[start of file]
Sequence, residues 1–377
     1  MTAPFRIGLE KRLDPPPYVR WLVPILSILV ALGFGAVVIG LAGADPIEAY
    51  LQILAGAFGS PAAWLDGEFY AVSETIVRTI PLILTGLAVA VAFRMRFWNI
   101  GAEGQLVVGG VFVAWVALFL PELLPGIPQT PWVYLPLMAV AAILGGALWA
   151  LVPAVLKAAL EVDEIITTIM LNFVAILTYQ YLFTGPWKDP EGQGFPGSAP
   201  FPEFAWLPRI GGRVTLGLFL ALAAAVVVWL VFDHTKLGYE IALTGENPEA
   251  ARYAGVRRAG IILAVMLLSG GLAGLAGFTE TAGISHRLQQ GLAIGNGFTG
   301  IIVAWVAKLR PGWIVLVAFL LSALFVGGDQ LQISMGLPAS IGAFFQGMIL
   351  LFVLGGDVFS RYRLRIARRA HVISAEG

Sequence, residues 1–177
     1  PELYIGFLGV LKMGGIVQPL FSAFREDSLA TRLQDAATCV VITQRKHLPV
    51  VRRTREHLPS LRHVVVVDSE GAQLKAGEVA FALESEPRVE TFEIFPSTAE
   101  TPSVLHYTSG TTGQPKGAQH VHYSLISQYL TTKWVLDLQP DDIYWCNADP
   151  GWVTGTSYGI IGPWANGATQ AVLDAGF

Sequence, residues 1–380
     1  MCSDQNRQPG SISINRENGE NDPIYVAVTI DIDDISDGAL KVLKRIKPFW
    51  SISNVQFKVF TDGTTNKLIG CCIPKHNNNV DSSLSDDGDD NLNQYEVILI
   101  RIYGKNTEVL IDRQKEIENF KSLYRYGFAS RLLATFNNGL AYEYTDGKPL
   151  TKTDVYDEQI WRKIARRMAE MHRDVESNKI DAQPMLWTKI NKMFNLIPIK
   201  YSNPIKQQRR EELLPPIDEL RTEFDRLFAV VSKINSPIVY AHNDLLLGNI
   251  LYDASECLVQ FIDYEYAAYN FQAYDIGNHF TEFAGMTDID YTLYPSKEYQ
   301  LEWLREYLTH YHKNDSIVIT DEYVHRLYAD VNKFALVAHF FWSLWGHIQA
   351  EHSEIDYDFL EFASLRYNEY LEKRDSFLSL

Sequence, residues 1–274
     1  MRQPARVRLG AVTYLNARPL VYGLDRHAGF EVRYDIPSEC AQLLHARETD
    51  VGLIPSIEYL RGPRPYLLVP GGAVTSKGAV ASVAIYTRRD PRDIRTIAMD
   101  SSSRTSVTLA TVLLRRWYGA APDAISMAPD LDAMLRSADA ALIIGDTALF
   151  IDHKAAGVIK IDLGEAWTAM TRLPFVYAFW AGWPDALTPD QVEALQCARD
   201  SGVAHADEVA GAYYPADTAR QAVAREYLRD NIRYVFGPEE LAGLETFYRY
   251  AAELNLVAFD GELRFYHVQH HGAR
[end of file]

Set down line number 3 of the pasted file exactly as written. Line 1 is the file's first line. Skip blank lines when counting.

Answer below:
    51  LQILAGAFGS PAAWLDGEFY AVSETIVRTI PLILTGLAVA VAFRMRFWNI